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In this sequel to The Beasts of Tarzan, the Lord of the Apes' old nemesis, Alexis Paulvitch, lures Tarzan's son, Jack, to Africa, where he plans to kill him. His plan is foiled when Jack escapes with the help of Akut, the great ape. The pair flee to the jungle where Tarzan was raised a generation earlier, and Jack establishes his own reputation among the apes as Korak the In this sequel to The Beasts of Tarzan, the Lord of the Apes' old nemesis, Alexis Paulvitch, lures Tarzan's son, Jack, to Africa, where he plans to kill him. His plan is foiled when Jack escapes with the help of Akut, the great ape. The pair flee to the jungle where Tarzan was raised a generation earlier, and Jack establishes his own reputation among the apes as Korak the Killer. He also rescues Meriem, a beautiful young woman, from a band of Arab raiders. She turns out to be the daughter of Armand Jacot, the Prince de Cadrenet, and is therefore a fitting mate for the son of Lord Greystoke.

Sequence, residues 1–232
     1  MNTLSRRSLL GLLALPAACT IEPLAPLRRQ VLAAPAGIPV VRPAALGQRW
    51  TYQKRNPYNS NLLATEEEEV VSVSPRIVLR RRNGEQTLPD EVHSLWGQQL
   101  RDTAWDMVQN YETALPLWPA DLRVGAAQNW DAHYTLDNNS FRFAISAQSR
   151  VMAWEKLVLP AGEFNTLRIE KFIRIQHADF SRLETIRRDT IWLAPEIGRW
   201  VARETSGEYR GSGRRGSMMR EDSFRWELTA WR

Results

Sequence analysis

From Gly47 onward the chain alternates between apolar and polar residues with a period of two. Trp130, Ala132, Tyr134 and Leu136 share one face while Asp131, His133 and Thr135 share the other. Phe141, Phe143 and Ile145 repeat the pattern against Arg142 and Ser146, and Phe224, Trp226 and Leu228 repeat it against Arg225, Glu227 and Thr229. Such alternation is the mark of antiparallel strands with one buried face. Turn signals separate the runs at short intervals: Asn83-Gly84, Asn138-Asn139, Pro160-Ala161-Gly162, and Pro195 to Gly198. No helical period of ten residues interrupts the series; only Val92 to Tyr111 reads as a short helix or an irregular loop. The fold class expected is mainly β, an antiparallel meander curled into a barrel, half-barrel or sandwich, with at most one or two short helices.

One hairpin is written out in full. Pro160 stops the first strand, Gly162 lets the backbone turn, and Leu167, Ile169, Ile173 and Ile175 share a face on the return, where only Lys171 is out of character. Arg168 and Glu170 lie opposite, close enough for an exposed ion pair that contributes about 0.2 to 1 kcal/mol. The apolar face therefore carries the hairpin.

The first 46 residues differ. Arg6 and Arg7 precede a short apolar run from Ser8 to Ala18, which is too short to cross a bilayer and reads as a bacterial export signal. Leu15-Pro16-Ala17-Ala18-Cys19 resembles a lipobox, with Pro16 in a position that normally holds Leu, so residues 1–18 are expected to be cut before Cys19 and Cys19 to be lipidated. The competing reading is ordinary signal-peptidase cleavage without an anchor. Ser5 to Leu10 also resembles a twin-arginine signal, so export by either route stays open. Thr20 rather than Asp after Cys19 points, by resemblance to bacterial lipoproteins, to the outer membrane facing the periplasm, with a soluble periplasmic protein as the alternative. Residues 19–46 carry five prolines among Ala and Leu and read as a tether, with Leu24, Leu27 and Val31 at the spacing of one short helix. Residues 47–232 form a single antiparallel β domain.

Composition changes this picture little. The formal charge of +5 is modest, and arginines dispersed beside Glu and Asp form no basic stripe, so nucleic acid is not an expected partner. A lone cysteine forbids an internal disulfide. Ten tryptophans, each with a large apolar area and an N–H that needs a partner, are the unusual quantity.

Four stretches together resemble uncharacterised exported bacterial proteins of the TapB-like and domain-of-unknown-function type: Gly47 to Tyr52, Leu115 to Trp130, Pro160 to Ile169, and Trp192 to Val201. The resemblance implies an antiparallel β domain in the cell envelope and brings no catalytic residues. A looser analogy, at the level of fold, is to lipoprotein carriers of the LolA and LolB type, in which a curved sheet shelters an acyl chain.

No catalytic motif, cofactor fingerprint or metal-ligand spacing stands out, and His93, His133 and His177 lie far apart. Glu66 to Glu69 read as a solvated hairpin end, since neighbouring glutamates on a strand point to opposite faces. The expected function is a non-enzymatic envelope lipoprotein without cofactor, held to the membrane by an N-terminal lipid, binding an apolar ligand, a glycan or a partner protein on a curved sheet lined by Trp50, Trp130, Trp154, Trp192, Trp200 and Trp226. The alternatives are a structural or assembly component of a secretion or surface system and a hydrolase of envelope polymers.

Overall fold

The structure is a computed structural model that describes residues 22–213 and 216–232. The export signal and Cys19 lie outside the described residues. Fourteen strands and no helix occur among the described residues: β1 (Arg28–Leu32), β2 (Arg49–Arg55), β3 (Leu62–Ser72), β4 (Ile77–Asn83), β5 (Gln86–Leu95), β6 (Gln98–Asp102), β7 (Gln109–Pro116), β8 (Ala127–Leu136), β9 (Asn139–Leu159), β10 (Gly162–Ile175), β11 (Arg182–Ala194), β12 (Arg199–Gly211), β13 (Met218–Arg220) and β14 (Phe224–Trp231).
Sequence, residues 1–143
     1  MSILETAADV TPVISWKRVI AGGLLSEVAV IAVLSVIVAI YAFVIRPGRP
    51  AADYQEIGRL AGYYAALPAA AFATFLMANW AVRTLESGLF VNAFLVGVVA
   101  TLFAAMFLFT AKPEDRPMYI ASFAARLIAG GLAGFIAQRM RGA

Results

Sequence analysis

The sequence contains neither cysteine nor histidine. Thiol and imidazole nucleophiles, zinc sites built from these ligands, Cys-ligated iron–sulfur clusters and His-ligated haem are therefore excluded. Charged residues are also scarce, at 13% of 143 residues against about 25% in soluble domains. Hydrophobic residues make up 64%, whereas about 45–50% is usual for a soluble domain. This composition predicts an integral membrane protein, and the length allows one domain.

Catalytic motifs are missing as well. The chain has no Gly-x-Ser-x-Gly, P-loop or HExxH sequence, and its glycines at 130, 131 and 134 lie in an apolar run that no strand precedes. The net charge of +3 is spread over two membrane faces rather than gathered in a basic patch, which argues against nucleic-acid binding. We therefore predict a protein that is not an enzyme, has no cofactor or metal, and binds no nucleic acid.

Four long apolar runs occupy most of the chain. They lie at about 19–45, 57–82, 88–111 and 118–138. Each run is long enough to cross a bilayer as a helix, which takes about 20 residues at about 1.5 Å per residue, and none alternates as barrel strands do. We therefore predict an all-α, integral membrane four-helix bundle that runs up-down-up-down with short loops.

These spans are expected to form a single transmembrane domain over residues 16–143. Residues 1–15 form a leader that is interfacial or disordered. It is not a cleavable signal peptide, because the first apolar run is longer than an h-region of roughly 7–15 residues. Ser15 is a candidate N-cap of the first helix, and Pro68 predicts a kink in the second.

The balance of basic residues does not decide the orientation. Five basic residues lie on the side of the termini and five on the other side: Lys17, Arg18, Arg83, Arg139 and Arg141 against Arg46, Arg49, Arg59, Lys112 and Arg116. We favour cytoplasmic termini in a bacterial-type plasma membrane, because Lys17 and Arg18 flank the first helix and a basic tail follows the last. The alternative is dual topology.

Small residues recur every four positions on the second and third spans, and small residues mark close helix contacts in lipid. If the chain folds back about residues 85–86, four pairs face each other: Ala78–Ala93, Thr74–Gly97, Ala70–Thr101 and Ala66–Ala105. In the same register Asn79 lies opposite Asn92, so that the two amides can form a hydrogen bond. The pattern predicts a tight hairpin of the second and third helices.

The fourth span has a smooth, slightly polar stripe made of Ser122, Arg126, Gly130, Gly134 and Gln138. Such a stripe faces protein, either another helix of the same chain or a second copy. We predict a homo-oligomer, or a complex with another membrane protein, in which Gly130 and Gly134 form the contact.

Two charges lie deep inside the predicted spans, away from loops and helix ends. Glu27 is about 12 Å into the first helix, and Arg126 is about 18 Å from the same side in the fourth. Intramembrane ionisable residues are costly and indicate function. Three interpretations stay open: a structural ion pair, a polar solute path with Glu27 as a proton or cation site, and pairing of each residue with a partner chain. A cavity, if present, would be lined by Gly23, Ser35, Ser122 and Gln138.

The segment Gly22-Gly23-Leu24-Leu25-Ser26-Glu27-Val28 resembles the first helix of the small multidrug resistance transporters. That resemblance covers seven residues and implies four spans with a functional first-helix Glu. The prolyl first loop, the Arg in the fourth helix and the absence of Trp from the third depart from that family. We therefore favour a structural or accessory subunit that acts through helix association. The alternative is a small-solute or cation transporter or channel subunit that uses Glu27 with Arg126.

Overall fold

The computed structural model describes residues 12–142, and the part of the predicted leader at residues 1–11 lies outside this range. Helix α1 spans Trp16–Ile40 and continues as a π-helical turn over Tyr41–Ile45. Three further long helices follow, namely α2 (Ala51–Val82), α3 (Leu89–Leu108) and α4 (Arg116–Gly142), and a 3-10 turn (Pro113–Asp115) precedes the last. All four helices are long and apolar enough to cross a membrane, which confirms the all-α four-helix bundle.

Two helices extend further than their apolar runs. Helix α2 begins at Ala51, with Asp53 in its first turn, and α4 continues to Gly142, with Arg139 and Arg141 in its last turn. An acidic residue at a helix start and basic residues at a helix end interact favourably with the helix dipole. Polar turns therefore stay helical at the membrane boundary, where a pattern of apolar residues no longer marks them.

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In this sequel to The Beasts of Tarzan, the Lord of the Apes' old nemesis, Alexis Paulvitch, lures Tarzan's son, Jack, to Africa, where he plans to kill him. His plan is foiled when Jack escapes with the help of Akut, the great ape. The pair flee to the jungle where Tarzan was raised a generation earlier, and Jack establishes his own reputation among the apes as Korak the In this sequel to The Beasts of Tarzan, the Lord of the Apes' old nemesis, Alexis Paulvitch, lures Tarzan's son, Jack, to Africa, where he plans to kill him. His plan is foiled when Jack escapes with the help of Akut, the great ape. The pair flee to the jungle where Tarzan was raised a generation earlier, and Jack establishes his own reputation among the apes as Korak the Killer. He also rescues Meriem, a beautiful young woman, from a band of Arab raiders. She turns out to be the daughter of Armand Jacot, the Prince de Cadrenet, and is therefore a fitting mate for the son of Lord Greystoke.

30 review for The Son of Tarzan, with eBook

  1. 5 out of 5

    Henry Avila